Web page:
Holland America vs Disney
We were on the Eastern Caribbean cruise over Christmas 2003 - we paid the same price for the 7 day cruise and got joining balcony staterooms as if we had done Disney without balcony. We had been on Disney for the Millennium Cruise to Eastern Caribbean in 1999 and this is a review based on both experiences.
We had heard that Holland America is a 4* or 4*+ cruise line and we weren't disappointed. We sailed from Port Canaveral - and the check-in process was extremely efficient. The cabins were on the 3rd deck - My wife and I had one cabin with a Queen bed and our 2 kids had the adjoining cabin with twin beds set up. The porter arranged the balcony so that the kids could go back and forth between the rooms.
Food is the primary reason for any cruise. The food was excellent on the Zandaam - there are two main restaurants on board, a casual dining restaurant for breakfast adisney has more restaurants, which becomes more varied for dining - and the stewards are assigned to a family. On both cruise ships there is an up-market restaurant for adults. I strongly recommend both, although there is a nominal charge.
We opted for the "World Wine Tour" - which was a little pricey, and provided us with 5 bottles from a list of about 7 or 8 wines. I wish the list were a little longer and more varied. Both ships varied the menus and the dress code nightly.
Both ships have poolside dining during the day. Holland America had a barbeque, which was a great alternative.
All alcohol is charged for, understandably - and both lines are expensive. Holland America charges for alcohol in the Casino. On the Zaandam, our eldest (under 16) successfully purchased alcohol with a group of his friends. We reprimanded both the line (and our son) - Disney ID's everyone.
Both Disney and Holland America charge for soft drinks, which is annoying. They both charge for a "card" at around $30 or which provides free soda. It is easy to forget the card and end up paying anyway. Disney provides younger guests a soft-drink sticker for the room card - much better. I'd prefer if Cruise lines just added $20-$30 per passenger for free soft drinks.
Entertainment on the Zaandam is chintzy and is catered toward mature passengers. Both lines have a cinema on board that show relatively recent releases. Disney only shows Disney movies. There are activities throughout the day on both ships, although auctions are expensive and should be avoided.
The Zaandam has a casino, which is open all day, and into the early hours. This is a fundamental difference from Disney. The casino had too many slot machines, causing too much noise. It is possible to guide the kids around the casino - but the opening entices younger children with the flashing lights of the slots.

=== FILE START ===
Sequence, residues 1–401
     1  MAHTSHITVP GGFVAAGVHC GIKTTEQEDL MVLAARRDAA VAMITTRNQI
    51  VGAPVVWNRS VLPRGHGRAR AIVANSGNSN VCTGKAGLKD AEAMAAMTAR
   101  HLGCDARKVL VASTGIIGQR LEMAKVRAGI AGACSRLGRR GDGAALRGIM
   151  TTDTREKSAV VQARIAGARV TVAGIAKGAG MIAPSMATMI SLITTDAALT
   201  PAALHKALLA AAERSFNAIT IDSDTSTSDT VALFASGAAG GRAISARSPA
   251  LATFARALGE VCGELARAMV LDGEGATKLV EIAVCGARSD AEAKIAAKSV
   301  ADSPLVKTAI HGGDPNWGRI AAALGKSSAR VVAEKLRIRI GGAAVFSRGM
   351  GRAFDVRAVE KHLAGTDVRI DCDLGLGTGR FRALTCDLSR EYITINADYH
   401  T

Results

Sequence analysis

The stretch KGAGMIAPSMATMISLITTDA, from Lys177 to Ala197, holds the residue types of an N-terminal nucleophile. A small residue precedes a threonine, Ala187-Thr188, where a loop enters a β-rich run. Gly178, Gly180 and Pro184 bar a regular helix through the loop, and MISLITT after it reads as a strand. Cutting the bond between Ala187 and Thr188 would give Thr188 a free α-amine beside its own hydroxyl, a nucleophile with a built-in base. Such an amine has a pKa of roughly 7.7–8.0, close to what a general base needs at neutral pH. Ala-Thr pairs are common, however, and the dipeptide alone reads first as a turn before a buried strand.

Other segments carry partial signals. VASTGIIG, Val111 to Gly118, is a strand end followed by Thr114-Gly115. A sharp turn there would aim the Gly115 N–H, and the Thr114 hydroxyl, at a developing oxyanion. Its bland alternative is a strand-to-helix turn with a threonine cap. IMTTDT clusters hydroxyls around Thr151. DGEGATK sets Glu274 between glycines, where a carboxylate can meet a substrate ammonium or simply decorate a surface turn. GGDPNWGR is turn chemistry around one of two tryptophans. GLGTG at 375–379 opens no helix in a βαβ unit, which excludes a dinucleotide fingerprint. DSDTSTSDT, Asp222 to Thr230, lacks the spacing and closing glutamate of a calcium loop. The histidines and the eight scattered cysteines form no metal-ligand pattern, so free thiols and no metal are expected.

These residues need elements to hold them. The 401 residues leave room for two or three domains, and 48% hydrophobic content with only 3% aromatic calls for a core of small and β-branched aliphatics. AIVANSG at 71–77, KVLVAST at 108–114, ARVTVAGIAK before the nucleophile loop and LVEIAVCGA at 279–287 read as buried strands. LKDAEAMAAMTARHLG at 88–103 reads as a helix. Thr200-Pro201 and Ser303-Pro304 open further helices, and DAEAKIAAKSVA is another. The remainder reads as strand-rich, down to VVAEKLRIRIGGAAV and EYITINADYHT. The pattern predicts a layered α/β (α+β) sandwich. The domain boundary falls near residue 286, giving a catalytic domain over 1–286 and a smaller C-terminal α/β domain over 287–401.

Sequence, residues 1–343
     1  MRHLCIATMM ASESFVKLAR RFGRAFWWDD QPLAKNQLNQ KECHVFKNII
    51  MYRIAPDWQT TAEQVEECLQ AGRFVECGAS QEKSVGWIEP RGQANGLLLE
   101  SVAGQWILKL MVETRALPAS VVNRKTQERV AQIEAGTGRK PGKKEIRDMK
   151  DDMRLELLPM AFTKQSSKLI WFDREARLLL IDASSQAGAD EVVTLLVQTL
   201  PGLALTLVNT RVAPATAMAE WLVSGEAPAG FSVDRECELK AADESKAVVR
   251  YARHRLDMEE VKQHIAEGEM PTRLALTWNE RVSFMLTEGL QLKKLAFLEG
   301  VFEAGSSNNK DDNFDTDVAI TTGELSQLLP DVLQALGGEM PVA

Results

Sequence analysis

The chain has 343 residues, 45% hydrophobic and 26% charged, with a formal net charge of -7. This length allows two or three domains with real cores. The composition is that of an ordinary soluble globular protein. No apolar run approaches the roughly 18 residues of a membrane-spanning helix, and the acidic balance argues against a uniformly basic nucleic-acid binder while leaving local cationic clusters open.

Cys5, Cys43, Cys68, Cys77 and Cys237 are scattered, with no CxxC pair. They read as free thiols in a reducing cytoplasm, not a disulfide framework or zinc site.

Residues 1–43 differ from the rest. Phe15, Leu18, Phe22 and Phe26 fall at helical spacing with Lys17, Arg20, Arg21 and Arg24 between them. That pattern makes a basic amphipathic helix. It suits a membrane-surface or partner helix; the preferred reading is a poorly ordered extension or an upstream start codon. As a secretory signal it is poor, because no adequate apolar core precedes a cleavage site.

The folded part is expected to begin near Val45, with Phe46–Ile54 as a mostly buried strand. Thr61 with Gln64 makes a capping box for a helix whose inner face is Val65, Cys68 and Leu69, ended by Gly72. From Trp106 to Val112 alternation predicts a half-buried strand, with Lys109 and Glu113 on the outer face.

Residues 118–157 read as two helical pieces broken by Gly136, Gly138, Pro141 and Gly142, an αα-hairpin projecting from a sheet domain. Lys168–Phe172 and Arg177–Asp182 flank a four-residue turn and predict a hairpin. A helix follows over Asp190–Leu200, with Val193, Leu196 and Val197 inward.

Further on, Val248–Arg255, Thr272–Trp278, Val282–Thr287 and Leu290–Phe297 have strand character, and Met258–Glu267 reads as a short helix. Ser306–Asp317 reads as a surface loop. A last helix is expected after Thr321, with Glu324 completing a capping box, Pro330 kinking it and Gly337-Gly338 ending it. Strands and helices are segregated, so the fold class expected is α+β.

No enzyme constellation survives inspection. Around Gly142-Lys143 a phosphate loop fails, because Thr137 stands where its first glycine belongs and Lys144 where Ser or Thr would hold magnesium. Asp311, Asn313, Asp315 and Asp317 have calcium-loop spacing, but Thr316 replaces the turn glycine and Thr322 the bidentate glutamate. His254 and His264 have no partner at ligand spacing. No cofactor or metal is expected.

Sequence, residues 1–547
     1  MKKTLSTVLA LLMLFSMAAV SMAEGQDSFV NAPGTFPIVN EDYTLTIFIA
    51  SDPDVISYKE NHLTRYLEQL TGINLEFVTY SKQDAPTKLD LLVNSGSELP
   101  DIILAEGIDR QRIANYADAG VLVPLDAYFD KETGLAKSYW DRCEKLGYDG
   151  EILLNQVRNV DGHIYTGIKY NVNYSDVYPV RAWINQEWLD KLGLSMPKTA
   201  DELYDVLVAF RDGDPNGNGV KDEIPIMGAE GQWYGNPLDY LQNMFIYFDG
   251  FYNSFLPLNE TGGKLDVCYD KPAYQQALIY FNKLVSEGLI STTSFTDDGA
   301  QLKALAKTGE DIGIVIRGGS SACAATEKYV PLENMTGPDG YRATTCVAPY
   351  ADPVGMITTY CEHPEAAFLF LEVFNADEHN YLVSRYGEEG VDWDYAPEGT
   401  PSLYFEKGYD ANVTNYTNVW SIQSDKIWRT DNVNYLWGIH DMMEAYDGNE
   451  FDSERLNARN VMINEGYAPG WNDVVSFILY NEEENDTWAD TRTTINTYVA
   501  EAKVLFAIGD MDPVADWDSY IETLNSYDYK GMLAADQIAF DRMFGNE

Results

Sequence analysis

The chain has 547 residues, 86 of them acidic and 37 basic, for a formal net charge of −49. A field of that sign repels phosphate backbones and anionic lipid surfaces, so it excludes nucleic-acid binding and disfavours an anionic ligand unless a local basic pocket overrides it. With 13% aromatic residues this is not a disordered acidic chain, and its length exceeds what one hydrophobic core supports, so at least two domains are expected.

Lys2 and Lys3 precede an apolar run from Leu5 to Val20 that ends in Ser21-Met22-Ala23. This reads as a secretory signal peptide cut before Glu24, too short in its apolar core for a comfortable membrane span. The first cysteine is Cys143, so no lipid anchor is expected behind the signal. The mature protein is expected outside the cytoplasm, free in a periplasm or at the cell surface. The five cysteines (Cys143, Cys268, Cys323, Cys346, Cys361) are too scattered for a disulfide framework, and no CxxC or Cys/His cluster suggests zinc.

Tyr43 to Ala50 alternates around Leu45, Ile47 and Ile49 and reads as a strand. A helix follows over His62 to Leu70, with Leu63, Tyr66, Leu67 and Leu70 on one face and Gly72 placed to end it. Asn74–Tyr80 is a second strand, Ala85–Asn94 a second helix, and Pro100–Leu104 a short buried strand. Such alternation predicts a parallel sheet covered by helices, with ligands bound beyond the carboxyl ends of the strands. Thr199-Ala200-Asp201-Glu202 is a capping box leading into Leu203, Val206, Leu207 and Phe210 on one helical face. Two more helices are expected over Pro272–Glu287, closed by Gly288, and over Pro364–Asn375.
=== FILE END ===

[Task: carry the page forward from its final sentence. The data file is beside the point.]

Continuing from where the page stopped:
The casino could also benefit with better ventilation. I smoke myself, but I could tell that the smoke bothered some of the people playing there. I'd encourage smoking and non-smoking tables, reduce the slots, and quieten the area down.
On the Zaandam, there are two pools on board - one small indoor, the other outdoor. There were always a lot of teens playing around the smaller pool, which made parents uncomfortable. Disney has 3 pools including one for only "over 21's" and one for smaller kids.
There were a number of bars around the ship - and although the cruise was full, the bars were quiet and mostly you had the area to yourself. Both cruise lines excel in this - however, Disney has a sports bar called the "ESPN Zone" - compared to the Zaandam which only had a single television in a bar near the casino.
I have a younger child - 5 years old - who was signed up to "Club Hal". I was impressed by the activities that they provided to the kids - but realistically the "counselors" were nothing like the Disney staff - which is completely expected. Disney really KNOW how to handle kids - we had some issues with our youngest getting into the spirit of the games and he was left out of one activity on the Zaandam because that activity was full. Disney would never leave kids out of activities.
If you're going to sail somewhere, you really need time to see that place. This was a major complaint on my behalf with Holland America. We sailed into St Martin, which provided an all day excursion and was excellent. The following day was spent at Tortola BVI, and we arrived at about 8am and had to leave at 4pm. Two days later, we arrived at the private Half Moon Cay at 10am and left at 2pm. Disney seems to always ensure that you get to a place early, and leave after sundown - ensuring you have plenty of time at the destination. We felt rushed at Tortola and Half Moon Cay.
Half Moon Cay was annoying. It was certainly beautiful - but Holland America decided to have the Zaandam AND the Zuiderdam berth on the same day on the Island - resulting in a completely over-crowded beach. I took off towards the North of the Island to escape the horrible overpacked crowds (something you'd expect to NOT see on a cruise) - but the limitation of time resulted in a long walk and no relaxation.
Disney built a dock for their boats on their island - and had many, many activities available that made you want to stay longer than a single day. They guarantee that only one of their two ships will be at Castaway Cay (Disney's island). Holland America used their tenders to get to shore (resulting in long lines going and returning) and have failed miserably in comparison. Since this was the penultimate day, it was disappointing to an otherwise fine cruise.
In summary, Disney excels, but at a higher cost than Holland America. Its whether the 30-40% extra is worth it for your vacation. We are booked on the next Christmas Cruise with Disney for 2004.